Dancing has never failed me. It was my lifeline growing up in an unsafe alcoholic home where I did not feel heard. It kept me afloat during my own alcoholism and eventual sobriety. It even pulled me through the dark tunnel of chronic back pain and deep depression.
Now, in this pandemic and the sea of awfulness that surrounds it, I look to dance to save me again. And even with all this evidence, all the faith I have built and invested in in dance as a lifeline, I still doubt. Will it save me this time? Surely this is a pack of troubles too heavy for dance to lift. But I am not dancing alone. I’m dancing with veterans.
Eleven years ago, dance educators Kristen Smiarowski, Sarah Wilbur and I were invited to partner with mental health professionals and co-create a dance program for veterans with mental illness. Since then, I have trained dozens of clinicians in the modality, serving veterans with conditions ranging from PTSD to chronic pain to memory loss. I have taught classes in conference rooms, cafeterias, lockdown psychiatric wards and therapy pools. During the pandemic, I’ve taught Dance for Veterans from my bedroom.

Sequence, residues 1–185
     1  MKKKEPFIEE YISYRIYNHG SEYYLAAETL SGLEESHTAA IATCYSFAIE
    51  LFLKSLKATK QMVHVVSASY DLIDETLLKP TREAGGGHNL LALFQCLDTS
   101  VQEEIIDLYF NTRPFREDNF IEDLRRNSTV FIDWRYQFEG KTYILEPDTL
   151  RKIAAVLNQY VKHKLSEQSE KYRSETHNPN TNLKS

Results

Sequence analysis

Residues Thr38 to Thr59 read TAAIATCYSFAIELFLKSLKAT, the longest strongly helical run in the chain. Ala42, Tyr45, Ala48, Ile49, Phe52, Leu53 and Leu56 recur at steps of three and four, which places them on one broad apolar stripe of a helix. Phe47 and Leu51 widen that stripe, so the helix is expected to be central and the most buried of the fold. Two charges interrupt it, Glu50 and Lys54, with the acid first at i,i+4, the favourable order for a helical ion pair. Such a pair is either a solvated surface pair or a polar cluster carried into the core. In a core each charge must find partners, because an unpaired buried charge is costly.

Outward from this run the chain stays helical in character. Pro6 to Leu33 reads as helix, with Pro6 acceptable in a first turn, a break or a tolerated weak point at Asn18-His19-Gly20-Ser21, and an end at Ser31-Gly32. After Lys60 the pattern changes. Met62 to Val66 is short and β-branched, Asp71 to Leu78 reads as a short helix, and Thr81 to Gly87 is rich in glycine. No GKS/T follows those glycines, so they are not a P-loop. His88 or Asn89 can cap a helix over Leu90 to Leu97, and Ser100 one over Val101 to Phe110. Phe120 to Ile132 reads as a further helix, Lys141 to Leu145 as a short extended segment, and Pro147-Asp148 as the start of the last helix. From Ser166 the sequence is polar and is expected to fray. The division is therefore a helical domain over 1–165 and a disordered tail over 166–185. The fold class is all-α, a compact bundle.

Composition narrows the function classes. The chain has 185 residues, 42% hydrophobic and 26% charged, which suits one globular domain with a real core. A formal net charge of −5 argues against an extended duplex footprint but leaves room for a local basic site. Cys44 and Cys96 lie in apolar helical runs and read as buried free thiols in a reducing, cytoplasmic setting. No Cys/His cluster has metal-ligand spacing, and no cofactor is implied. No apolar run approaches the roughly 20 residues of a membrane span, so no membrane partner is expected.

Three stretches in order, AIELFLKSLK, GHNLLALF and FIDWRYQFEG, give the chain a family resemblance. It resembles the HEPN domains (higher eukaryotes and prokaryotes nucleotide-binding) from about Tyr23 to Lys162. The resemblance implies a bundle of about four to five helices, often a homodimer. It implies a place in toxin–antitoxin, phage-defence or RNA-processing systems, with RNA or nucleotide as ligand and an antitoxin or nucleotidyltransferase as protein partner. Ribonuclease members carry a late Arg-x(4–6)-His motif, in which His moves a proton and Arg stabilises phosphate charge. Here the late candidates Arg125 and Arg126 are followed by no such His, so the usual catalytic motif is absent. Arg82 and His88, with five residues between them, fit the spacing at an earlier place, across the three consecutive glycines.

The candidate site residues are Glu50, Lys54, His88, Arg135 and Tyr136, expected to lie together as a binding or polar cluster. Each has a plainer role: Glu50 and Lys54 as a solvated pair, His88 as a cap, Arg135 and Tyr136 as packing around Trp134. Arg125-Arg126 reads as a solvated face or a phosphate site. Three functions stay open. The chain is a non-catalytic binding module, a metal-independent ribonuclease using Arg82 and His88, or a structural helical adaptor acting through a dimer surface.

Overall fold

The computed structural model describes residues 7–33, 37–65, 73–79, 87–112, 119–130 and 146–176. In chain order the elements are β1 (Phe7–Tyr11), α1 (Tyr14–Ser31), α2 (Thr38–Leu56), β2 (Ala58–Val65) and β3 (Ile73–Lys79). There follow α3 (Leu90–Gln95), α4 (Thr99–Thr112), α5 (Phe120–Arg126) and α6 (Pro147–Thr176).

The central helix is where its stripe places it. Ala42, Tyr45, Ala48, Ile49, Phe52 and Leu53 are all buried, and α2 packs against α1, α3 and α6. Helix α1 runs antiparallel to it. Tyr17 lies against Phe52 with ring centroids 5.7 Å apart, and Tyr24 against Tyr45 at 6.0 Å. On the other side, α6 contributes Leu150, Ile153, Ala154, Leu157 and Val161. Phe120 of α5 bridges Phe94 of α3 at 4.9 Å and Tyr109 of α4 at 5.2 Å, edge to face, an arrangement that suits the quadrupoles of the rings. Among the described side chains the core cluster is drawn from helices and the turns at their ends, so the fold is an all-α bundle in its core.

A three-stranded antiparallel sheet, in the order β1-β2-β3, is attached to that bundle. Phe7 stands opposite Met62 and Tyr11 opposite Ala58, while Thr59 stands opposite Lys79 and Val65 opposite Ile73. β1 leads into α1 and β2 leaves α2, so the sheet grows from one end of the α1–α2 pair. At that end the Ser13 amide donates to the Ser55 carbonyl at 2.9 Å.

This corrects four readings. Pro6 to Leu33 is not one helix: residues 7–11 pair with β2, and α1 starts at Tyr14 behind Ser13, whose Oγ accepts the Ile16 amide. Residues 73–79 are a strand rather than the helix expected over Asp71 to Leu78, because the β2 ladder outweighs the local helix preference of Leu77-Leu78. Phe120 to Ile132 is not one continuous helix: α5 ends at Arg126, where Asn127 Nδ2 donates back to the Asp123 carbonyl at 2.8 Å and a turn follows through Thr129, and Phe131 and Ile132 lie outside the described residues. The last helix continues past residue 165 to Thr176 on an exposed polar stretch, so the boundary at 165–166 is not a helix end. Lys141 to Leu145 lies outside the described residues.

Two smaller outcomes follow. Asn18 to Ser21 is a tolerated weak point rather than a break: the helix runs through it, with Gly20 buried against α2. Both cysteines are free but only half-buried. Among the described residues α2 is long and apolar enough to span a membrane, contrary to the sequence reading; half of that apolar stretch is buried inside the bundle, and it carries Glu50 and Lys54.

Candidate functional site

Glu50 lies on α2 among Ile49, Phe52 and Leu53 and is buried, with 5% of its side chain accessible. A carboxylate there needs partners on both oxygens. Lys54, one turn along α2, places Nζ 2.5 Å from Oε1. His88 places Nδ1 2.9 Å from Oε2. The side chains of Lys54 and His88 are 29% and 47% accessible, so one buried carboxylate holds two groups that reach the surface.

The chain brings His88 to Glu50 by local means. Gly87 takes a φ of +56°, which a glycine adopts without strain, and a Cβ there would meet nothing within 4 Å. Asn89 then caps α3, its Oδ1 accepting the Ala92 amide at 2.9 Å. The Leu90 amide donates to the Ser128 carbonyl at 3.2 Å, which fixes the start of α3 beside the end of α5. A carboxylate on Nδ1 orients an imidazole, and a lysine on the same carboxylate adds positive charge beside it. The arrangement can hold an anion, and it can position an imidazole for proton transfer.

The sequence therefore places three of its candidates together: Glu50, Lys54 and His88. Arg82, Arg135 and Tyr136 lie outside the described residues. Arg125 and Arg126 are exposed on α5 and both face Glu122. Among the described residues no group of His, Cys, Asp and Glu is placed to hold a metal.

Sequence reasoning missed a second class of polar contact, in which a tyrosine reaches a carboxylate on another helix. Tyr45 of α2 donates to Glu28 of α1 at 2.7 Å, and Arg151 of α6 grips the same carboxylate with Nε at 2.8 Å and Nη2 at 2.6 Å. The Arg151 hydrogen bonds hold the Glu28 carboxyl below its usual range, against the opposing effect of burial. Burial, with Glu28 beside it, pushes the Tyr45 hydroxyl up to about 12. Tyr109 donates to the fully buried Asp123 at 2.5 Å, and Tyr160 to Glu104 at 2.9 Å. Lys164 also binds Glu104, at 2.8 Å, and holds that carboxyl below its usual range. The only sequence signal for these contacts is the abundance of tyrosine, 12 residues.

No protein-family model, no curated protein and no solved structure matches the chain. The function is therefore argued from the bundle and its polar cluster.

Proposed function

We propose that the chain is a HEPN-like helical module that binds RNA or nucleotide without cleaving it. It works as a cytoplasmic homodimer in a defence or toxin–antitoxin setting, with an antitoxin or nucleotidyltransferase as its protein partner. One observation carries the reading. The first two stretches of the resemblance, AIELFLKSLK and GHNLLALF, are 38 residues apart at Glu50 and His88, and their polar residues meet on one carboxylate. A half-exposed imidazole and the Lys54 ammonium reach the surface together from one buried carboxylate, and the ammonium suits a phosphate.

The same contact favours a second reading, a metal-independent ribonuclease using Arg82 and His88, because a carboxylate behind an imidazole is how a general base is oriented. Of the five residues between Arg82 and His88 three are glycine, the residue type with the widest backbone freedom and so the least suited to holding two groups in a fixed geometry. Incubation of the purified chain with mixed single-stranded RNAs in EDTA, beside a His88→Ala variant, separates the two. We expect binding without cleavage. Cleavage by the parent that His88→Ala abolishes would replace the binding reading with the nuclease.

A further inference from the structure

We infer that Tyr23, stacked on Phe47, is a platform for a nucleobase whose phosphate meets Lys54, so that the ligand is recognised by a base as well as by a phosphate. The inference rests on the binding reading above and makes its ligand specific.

Even though I’ve been working with veterans for some time, before each class I doubt: Why dance? We all clearly have more important issues to deal with: Our health or lack thereof, financial losses, political chaos. Despite these thoughts, I log onto my computer and inevitably people show up, veterans ranging in age from 25 to 92, from all backgrounds.
They are also in their bedrooms or kitchens or living rooms. They are also tired, angry and lonely. Yet they are always ready to move, share and create. We collectively exhale. This may sound small, but it is powerful and profound. In a pre-pandemic class five or six years ago, our PTSD group was unexpectedly moved to a smaller room. The 20-plus Vietnam veterans were agitated by this change and began engaging in a dark game of one-upmanship, telling each other escalating war stories. The psychiatrist I partner with saw the group going off the rails. She abruptly told everyone to be quiet, turned to me and said: “OK, Christine, let’s dance now.” I thought to myself, “Oh boy, I hope this works.” It did: We began with that collective exhale and within five minutes we were smiling, laughing, moving and safely sharing the new, smaller space.